Researcher Says Conducting a Study on Soda Consumption Would Be Unethical
Researchers at Lund University in Sweden were perhaps surprised to find that the results of their study on carbohydrate intake and prostate cancer were something of a miss. After a 15 year study on 8,128 men aged 45–73 years old, they found no association between total carbohydrate or dietary fiber intake and increased prostate cancer rates. What they did find though was even more remarkable.
After adjusting for age and other known risk factors, researchers concluded that, compared to men who never touch the stuff, men who consume even one soda or sugar-sweetened beverage a day increase their prostate cancer risk by an alarming 40%!
And believe it or not, this number is lower than it would be if “sugar-sweetened beverages” were not a factor, as that is a rather loosely defined term. Back in 2010, a study published in Cancer Epidemiology, Biomarkers & Prevention examined soda and juice consumption over a 14-year period and found that those who consumed just two sodas a week were 87% more likely to develop prostate cancer than those who did not consume sodas at all. However, there was no significant association between juice consumption and risk of pancreatic cancer.
So, where is the public outcry that might warrant a larger study on the chronic disease risks associated with daily soda and sugar-sweetened beverage consumption? While the beverage industry certainly puts a considerable amount of time and money into discrediting conclusions like those of the Lund University study, there may be another reason. It turns out that many scientists feel that a human study on soda consumption would be unethical. Studies thus far have been based on dietary recall, asking participants to simply remember and report their behaviors and the foods they consumed over a period of time. A proper study with the objective of gaining some hard evidence against soda would require a group of participants to consume a specified amount of soda per day. In an interview with AlterNet, senior researcher Isabel Drake said:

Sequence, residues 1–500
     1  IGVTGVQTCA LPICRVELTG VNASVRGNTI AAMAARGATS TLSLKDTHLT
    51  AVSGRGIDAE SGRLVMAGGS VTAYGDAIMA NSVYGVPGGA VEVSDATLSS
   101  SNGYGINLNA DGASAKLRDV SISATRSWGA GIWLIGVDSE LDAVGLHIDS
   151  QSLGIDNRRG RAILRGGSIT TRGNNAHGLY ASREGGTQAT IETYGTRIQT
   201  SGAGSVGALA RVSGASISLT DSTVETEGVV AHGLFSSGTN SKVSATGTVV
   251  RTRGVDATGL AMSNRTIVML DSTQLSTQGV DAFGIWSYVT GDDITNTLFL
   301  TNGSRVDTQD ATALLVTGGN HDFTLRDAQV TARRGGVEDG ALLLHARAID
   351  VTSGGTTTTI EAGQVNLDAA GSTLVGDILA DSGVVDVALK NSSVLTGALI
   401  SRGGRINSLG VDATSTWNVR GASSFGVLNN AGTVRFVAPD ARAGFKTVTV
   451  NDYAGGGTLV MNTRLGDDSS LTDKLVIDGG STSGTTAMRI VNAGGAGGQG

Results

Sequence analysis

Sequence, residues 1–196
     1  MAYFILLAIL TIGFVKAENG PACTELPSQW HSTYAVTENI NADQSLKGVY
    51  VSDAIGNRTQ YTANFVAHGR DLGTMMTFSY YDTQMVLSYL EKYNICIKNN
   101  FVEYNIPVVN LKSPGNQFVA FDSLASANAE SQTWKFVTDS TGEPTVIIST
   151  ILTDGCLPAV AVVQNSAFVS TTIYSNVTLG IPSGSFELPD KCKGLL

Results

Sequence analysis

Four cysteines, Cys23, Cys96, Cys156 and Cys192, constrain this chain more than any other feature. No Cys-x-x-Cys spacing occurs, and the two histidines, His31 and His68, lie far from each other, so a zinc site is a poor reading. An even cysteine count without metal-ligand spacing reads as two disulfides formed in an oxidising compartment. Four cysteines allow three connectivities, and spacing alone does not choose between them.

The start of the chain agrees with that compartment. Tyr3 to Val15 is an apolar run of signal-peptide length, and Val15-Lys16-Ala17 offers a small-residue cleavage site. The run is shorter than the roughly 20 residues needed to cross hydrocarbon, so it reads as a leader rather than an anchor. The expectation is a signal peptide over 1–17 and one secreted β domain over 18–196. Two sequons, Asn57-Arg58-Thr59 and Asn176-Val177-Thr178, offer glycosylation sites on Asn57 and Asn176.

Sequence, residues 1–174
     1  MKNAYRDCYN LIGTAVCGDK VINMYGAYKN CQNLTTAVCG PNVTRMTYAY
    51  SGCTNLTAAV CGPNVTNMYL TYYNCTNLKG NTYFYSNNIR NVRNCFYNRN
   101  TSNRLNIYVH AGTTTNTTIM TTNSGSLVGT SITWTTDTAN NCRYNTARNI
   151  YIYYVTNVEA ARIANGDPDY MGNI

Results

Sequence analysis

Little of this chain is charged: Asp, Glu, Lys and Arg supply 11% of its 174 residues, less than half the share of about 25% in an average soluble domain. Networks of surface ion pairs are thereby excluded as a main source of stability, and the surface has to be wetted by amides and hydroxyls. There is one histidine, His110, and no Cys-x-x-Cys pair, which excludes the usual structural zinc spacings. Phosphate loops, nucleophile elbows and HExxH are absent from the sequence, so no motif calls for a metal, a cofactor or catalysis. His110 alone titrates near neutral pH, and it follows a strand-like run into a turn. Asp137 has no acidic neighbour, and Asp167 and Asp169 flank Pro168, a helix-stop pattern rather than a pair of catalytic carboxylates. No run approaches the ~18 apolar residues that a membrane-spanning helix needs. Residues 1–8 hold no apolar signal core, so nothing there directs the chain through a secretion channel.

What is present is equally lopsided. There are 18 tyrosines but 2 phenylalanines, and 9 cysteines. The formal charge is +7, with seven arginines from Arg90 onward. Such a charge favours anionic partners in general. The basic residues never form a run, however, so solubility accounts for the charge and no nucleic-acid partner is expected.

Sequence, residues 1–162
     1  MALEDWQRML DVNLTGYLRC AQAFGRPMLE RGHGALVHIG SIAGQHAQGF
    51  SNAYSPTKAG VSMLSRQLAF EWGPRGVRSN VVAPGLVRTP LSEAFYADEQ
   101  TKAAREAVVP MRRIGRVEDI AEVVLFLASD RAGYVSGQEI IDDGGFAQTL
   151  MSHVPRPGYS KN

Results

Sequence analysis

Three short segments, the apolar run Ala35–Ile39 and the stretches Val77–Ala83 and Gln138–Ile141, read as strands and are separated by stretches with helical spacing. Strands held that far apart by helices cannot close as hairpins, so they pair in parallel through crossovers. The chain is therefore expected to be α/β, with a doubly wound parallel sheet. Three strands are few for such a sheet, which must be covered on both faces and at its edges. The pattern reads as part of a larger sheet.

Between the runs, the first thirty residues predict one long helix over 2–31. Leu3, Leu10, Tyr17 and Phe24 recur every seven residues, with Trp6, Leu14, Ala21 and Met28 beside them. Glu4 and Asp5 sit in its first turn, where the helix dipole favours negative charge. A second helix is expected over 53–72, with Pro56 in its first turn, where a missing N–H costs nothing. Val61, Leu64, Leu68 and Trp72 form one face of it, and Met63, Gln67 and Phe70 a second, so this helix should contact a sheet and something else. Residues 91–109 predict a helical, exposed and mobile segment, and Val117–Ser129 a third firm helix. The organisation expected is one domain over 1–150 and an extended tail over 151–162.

“When it comes to studies of soda consumption and chronic disease risk, the only superior alternative to a prospective cohort study would be to conduct a randomized, controlled trial, where you assign one group to drink high amounts soda over 20 years, and the other group to not consume soda…This, of course, is unethical and never going to be feasible. There are situations like this one, to assess for causal associations between soda consumption and cancer or other chronic diseases, where observational studies are realistically the best study design to address causal associations.”
What strikes me most about Drake’s this statement is her casual use of the word “unethical.” So, it’s unethical to perform a study in which participants would be required to drink soda every day, but don’t worry — it’s safe for daily consumption? Coca-Cola and Pepsi say so, and what have they got to lose if you learn the truth? (Oh yeah, $60 billion a year…)
And in the meantime, the beverage industry can just continue to safely claim that the consumption of their sugar and chemical-laden products have never conclusively been associated with chronic diseases or obesity.
This study and, more importantly, Isabel Drake’s comments, come at an interesting time. It seems the controversies surrounding soda have been front page material ever since Mayor Bloomberg announced New York City’s ban on the Big Gulp. Since then we’ve learned that high fructose corn syrup damages the liver in addition to signaling your hunger cues, causing you to eat more. We’ve also learned that many sweet beverages lend to severe depression and that two types of caramel coloring used in colas can cause cancer.
All that, and we still buy it up.
Where do we draw the line? I agree the government should not be involved in regulating what one chooses to put into his or her body, but when scientists are claiming it would be unethical to conduct a human study on sodas, the question then becomes: What’s preventing the majority of Americans from simply making better decisions regarding their health?
What are your thoughts on why Americans can’t seem to kick the soda habit? Is it nostalgia? Apathy? The illusion that they are exempt from the statistics? Or could the rationale less complicated and more removed? For example, it is certainly easy for one to perhaps form their argument around soda consumption around the statement, “I don’t feel bad after I drink a Coke, so it must be okay.” Please share your comments in the comment section below or tweet us with the hashtag #WhyTheSoda.